Red Rising Saga (Pierce Brown)

January 23, 2018

5/5 Stars (Red Rising), 4/5 Stars (Golden Son), 3/5 Stars (Morning Star)


A series that started off with a bang, then (for me) fizzled to a bit of a dull drone. 


I'd heard so much about this series - countless people raving about it on Goodreads, various friends saying how much they'd enjoyed it... so I was excited to get stuck into it. 


The first book, Red Rising, lived up to the hype. 




I'll admit, when I started reading it, I groaned inwardly . I thought 'oh Lord, yet another fantasy / sci-fi book, which will no doubt leave me utterly confused by the end and completely disengaged to boot'. 

However, my initial reservations were unfounded. What we have here is a cleverly crafted, powerfully plotted novel, which explores societal class issues, under the guise of future Mars colonisation.

Darrow, our leading man, is a Helldiver on Mars - of class 'red', which means the lowest of the low. He mines in dangerous conditions and works all hours for little reward, and thinks that's all his life ever will be; until his wife's political stand changes everything.

Events sweep him along, until he becomes an undercover 'gold' - one of Mars's elites, made to compete for the title of Primus. If he can snaffle the title, he's in a perfect position to cause seismic change and destroy his enemies... the problem is, can he achieve it (and does he want to)?

The plot is a real rip-roarer; a page-turner that keeps the reader hanging on; desperate to find out what will happen next. 

True, it's not the most high-brow of books, but that really doesn't matter. It was a gripping, exciting read, with some richly imagined characters and landscapes, not to mention some intriguing conundrums about roles in society. 


Golden Son wasn't quite as engrossing as the first, but was an imaginative, enjoyable plot nonetheless. For the most part, my lofty expectations were met, with a few minor exceptions.



 This book focuses largely on Darrow's fall from grace and his struggle to stay alive, plus his uprising against the sovereign, Octavia. There are plenty of epic characters here (I particularly love Mustang - she's a refreshingly no-nonsense heroine!), and lots of action, though in my opinion, perhaps a few too many battles, which seemed to bog up the plot a little. In terms of twists and turns, there are a few major revelations, which I certainly won't spoil for you, and this alone was enough to keep me turning the pages.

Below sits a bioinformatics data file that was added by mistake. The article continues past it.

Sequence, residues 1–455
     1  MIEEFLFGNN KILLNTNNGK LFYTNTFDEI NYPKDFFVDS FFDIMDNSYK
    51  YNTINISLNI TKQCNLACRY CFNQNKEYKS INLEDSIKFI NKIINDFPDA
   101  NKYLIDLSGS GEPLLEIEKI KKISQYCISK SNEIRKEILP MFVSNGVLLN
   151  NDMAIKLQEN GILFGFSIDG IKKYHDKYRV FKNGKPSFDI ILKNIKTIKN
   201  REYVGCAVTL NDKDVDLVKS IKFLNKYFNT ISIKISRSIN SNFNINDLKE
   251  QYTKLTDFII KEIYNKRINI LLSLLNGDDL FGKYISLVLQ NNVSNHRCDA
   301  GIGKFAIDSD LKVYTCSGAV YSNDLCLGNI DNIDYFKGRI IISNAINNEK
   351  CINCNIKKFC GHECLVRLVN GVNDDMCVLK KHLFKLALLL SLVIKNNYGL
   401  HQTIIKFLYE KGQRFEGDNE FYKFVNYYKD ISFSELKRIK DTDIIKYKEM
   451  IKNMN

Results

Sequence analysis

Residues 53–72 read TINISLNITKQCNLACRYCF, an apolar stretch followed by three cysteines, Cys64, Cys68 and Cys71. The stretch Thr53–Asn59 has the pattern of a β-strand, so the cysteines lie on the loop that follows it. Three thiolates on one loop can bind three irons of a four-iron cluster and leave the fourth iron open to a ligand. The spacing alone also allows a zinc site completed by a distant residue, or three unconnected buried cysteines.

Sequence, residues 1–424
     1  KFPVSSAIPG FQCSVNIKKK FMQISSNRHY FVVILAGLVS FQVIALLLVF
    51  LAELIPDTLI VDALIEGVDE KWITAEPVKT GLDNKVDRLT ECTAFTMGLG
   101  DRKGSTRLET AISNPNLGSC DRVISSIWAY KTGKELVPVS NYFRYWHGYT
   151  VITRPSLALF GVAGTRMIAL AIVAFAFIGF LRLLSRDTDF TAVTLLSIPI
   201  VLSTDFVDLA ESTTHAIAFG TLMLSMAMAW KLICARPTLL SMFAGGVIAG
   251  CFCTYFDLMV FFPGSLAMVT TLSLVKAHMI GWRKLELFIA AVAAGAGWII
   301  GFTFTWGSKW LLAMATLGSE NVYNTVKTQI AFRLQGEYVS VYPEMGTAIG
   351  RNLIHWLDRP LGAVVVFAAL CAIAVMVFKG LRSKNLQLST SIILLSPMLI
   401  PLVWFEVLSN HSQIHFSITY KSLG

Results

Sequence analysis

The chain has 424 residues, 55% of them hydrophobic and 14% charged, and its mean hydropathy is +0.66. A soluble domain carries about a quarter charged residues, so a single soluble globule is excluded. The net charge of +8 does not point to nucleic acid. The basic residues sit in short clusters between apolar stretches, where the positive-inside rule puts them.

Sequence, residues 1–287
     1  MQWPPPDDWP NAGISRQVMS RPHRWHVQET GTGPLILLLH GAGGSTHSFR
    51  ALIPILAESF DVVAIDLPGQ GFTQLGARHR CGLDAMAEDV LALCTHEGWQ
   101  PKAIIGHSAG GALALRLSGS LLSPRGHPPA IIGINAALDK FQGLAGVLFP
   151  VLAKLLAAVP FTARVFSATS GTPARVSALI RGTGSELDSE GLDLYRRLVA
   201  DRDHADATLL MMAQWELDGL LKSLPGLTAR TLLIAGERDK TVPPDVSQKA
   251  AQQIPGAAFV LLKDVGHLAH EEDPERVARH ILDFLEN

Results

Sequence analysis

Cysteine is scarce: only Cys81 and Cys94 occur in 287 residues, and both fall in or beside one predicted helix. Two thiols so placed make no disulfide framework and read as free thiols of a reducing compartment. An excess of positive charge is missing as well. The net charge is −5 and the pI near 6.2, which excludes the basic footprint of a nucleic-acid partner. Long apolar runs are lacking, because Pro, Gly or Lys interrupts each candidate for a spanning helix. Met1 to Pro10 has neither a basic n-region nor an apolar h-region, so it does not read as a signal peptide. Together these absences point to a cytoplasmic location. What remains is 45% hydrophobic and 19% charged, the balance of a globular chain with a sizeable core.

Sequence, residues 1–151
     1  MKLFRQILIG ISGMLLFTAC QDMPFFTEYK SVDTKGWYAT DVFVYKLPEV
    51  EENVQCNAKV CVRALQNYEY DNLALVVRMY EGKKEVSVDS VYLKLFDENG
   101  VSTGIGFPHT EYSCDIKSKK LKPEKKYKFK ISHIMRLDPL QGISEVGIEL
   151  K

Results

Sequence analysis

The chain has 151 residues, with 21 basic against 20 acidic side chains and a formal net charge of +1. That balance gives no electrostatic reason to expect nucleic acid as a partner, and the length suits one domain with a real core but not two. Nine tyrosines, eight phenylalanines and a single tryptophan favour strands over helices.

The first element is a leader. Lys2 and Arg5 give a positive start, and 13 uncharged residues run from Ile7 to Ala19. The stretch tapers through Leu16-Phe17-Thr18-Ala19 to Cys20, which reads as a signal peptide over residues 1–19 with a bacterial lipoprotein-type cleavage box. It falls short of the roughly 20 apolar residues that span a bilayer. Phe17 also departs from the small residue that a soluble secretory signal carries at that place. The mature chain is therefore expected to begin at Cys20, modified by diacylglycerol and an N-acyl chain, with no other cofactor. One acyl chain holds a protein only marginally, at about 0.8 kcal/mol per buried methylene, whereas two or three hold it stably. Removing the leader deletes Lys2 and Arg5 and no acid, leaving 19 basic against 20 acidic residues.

Unfortunately, by the time I'd got to Morning Star, my interest was already waning badly.  I hate to say it, when I got to the end of this one, I was fully ready to finish. However, I should clarify that I'm making this judgement based on all the hype. Because so many people had loved it, I thought I'd be totally sold on it too - so perhaps I am being a little harsh (if so, my apologies to the author!).




I just felt it was even more formulaic than the second. E.g. Darrow gets into a scrape / situation, someone dies or betrays him, then he escapes. Then Darrow gets into another scrape / situation, someone else dies or betrays him, and he escapes again.


There were some great moments though. Cassius' betrayal (and subsequent shock move, which I won't spoil for you) was compelling reading, and I felt myself sucked right back into the novel at that point. Ragnar also pulled me back in - mainly because he was one of my favourite characters in the second, and even more likeable in this book.


To anyone out there reading this review and considering the series, it's probably best to ignore me, as I think I'm massively in the minority here - most people loved it. It's just one of those things...something didn't quite 'click' for me!


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